Nomads like Home
Throughout the first 3 weeks of this tour, we’ve stayed in a veritable smorgasbord of different structures. From yurts to caravans, roundhouses to just plain ol’ houses, it’s been a mini adventure every day within the bigger one as a whole to find out what our sleeping arrangements are, decide who’ll be sharing if required, and then set up our little nests for the night.
Different levels of unpacking are required on different days depending on whether we’re doing laundry or showering or having to dry rain-soaked gear that even waterproof covers couldn’t protect from the dreadful wind and rain, although mostly we are very much living out of our bags.
We’ve had rides on miniature railways in gardens, chilled out in home bars, and cuddled chickens. We’ve tried many different interpretations of and takes on porridge (all of them *just right*) and watched red squirrels twirling round tree trunks.
All of this is done in homes filled with the artefacts of others’ lives, of dormant things (as coined by Sophie Woodward), and perhaps excitable dogs/indifferent cats. It puts me in mind of Rhodri Marsden’s annual Twitter campaign #DuvetKnowItsChristmas, where people share their makeshift festive sleeping arrangements, often futons or fold-outs in childhood bedrooms now used as offices or storage, the uncanny valley or just plain surreal nature of the surroundings adding to the novelty and excitement of the experience.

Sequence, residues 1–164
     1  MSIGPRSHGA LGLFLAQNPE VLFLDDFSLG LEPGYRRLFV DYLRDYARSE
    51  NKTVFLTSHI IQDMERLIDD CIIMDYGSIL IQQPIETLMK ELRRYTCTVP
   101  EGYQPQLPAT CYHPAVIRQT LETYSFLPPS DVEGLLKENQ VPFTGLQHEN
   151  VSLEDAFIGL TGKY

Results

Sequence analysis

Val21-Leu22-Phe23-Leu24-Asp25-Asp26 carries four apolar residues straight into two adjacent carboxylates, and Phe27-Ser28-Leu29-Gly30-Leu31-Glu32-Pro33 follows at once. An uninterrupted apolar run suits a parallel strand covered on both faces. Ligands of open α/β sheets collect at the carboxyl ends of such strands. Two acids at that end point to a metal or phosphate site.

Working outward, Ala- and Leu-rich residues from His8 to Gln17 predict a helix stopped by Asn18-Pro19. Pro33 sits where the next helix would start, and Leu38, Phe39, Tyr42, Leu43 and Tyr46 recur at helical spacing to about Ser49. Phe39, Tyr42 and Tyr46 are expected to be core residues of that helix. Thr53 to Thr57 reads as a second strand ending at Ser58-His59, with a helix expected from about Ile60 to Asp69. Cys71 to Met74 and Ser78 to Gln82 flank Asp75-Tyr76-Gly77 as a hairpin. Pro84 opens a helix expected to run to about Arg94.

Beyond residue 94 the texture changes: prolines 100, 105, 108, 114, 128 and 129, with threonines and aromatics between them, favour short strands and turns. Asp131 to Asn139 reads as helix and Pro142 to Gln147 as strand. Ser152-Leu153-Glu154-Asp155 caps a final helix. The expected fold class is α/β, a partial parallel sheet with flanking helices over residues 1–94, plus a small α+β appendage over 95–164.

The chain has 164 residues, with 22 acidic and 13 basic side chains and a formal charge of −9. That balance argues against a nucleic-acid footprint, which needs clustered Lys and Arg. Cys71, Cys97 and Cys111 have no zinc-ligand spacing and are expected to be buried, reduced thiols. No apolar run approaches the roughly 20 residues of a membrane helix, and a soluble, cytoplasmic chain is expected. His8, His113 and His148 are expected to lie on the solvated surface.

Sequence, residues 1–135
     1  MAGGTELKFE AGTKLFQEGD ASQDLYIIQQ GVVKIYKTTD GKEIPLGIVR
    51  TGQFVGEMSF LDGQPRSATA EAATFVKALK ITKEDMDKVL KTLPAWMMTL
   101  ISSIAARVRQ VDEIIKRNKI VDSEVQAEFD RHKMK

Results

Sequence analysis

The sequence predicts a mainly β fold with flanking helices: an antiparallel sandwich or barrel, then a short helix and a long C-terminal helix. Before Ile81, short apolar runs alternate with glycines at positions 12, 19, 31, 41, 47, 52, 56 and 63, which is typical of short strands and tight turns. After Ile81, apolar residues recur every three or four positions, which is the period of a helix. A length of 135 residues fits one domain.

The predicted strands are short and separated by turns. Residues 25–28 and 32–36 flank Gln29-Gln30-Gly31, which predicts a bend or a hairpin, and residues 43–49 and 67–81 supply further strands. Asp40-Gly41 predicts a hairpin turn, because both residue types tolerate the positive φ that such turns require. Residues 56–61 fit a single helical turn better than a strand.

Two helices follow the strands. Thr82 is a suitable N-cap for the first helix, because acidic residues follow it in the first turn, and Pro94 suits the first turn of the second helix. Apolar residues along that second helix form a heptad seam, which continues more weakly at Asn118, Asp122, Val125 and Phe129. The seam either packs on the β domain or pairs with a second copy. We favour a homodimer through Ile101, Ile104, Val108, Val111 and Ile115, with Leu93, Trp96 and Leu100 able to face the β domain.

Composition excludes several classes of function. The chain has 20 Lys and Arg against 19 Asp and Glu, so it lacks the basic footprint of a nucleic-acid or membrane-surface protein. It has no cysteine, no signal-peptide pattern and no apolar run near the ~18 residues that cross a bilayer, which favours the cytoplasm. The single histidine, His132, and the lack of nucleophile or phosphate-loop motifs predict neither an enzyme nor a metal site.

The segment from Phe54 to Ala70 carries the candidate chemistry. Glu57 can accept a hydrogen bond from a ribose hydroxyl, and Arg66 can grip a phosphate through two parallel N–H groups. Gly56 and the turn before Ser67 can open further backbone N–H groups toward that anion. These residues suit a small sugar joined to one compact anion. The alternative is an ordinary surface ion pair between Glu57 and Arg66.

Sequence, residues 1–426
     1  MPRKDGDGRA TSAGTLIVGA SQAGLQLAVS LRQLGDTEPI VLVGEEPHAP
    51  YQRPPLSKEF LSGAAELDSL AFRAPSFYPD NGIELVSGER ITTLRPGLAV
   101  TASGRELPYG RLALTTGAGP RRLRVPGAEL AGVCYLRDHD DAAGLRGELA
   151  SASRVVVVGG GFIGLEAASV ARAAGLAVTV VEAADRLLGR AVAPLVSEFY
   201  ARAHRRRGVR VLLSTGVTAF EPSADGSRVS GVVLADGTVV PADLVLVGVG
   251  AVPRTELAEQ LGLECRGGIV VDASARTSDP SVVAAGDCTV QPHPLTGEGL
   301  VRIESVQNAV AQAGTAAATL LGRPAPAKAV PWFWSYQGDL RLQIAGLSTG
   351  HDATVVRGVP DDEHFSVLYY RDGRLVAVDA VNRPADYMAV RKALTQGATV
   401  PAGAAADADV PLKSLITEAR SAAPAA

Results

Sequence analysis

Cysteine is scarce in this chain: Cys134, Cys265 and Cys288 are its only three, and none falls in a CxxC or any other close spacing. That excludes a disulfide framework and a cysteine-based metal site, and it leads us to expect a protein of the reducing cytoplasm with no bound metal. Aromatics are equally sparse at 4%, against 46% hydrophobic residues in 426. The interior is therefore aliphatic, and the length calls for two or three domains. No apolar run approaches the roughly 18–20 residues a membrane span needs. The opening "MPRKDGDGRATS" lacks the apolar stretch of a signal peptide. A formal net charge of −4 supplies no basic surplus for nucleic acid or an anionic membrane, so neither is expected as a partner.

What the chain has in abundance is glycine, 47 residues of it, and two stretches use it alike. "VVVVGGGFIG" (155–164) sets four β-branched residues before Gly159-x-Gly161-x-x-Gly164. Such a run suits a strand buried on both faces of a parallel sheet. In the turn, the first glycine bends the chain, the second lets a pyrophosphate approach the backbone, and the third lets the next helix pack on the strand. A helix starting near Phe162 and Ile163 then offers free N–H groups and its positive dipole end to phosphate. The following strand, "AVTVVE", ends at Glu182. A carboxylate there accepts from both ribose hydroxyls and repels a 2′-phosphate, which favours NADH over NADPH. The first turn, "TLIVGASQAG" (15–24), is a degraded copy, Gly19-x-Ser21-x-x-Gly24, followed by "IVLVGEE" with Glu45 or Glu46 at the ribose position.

To be absolutely clear, we are extremely grateful to every single one of our hosts for opening their homes to us, often also providing food and lifts; it is a privilege to be allowed into their lives, to chat to them and learn from them and share with them. The variety of houses and businesses and people that we are coming across is enriching the experience of this project no end, and I look forward to what the rest has in store for us.